Ensure your IoT plans are not siloed – they should fit within your overall digital roadmapMonica Collier, IDC NZ
IDC NZ reports the number of Kiwi organisations that have implemented Internet of Things (IoT) has doubled over the past year.
The companies deploying IoT are more influenced by improving the customer experience, than on improving internal processes. In fact, New Zealand organisations place more focus on the customer, as a driver for IoT, than any other country surveyed across Asia Pacific, reports IDC NZ in its latest Internet of Things Decision Maker Report.
“IoT is no longer just about ‘connected cows’,” says IDC.
The annual report says opportunities abound across industries from manufacturing to retail to healthcare. For example, while Australia leads Asia Pacific (excluding Japan) for asset performance tracking in manufacturing, a healthy 21 per cent of NZ manufacturers have deployed IoT in this space.
Across New Zealand, the annual report notes the number of organisations that have deployed an IoT solution has practically doubled; from 13.7 per cent in 2016 to 25.7 per cent in 2017.
NZ organisations understand that the value of the IoT is in the data it produces and, more importantly, what that data enables companies to act upon or improve
“New Zealand organisations are understanding that the value of the Internet of Things is in the data it produces and, more importantly, what that data enables companies to act upon or improve,” says Monica Collier, research manager for telecommunications, IDC New Zealand. “Additionally, endpoint costs continue to decrease and the range of connectivity options is increasing; it’s easier to get an IoT business case across the line.”
Collier summarises the opportunity in IoT: “The New Zealand IoT Alliance research says that IoT could bring NZ$2.2 billion of benefit to the New Zealand economy over the next 10 years.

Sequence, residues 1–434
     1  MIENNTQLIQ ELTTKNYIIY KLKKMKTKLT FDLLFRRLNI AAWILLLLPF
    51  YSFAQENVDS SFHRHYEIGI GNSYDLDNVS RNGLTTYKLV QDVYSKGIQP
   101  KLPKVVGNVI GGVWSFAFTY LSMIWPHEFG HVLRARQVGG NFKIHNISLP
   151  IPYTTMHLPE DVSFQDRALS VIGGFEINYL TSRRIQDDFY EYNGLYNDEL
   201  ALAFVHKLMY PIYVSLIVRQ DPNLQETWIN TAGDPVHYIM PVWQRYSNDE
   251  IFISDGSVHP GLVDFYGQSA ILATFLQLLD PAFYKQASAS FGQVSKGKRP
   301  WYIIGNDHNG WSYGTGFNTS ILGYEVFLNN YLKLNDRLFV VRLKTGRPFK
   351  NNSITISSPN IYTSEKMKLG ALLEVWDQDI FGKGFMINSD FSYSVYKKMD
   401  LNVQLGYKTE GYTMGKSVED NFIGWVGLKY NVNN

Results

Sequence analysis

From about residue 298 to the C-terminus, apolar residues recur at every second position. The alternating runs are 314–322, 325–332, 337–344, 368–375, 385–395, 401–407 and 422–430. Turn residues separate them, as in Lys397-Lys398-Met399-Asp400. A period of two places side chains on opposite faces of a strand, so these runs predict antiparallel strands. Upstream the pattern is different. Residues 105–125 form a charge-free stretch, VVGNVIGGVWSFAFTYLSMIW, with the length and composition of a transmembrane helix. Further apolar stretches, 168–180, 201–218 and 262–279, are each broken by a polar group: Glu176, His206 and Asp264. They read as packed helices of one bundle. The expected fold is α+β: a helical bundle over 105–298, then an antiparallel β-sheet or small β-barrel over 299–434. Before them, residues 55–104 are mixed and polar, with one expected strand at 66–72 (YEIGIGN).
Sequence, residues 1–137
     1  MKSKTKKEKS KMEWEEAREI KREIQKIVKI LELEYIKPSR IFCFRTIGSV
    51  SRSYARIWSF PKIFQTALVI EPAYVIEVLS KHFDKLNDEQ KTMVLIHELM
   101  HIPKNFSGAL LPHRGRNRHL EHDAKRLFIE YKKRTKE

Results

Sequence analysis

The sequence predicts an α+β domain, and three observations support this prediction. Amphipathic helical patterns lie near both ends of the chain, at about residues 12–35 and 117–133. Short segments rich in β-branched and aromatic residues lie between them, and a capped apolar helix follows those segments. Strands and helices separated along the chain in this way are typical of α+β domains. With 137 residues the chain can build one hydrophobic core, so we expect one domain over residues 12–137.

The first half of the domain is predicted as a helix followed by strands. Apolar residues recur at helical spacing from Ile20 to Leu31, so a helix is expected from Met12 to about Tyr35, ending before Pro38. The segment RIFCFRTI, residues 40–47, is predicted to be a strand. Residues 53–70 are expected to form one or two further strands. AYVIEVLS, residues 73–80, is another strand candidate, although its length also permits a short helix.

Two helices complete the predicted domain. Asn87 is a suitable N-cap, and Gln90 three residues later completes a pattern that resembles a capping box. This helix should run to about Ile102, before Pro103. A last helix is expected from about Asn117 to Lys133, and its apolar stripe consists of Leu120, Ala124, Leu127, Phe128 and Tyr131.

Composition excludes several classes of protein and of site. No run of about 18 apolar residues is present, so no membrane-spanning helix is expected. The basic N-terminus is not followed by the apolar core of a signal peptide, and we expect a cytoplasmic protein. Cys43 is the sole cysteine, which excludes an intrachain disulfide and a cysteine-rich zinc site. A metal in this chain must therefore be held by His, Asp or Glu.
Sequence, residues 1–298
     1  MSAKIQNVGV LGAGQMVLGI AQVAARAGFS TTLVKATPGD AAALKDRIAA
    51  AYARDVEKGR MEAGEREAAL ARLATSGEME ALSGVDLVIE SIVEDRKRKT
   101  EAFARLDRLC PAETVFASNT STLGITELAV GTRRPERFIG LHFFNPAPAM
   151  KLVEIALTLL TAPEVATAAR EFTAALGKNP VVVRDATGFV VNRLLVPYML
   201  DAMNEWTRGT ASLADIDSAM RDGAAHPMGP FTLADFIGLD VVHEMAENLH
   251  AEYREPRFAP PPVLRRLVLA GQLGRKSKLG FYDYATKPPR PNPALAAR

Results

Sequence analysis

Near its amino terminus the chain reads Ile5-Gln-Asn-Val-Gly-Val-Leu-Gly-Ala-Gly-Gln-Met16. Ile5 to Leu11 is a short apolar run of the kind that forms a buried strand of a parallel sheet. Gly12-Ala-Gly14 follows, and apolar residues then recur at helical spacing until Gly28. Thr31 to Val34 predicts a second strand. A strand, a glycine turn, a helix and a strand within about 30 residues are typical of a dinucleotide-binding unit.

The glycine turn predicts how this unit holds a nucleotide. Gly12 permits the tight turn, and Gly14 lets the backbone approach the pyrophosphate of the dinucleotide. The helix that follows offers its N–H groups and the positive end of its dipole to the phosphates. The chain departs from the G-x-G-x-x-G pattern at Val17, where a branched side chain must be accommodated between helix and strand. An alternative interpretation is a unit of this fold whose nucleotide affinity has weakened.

“Our report illustrates how companies have understood that message and are implementing IoT to increase productivity and improve customer experience,” says Collier.
In the light of these findings, she says IDC is calling on technology buyers to ensure their IoT plans “are not siloed”.
“The plans should fit within their overall digital roadmap,” she states.
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“For vendors, to step ahead you’ll need a good IoT partner ecosystem in context with the industries you are servicing. Customers want a technology partner that understands their business as well as their technology.”
IDC says key shifts are occurring in IoT vendor perception by New Zealand companies with Rockwell Automation, Google, IBM and Dell performing well in terms of mindshare.
While wifi remains the most popular IoT connectivity, Low Power WAN’s popularity is growing fast, the report states.
Low Power WAN lets organisations deploy long-life battery operated sensor devices in remote locations, and sample uses include water meters and remote asset tracking.
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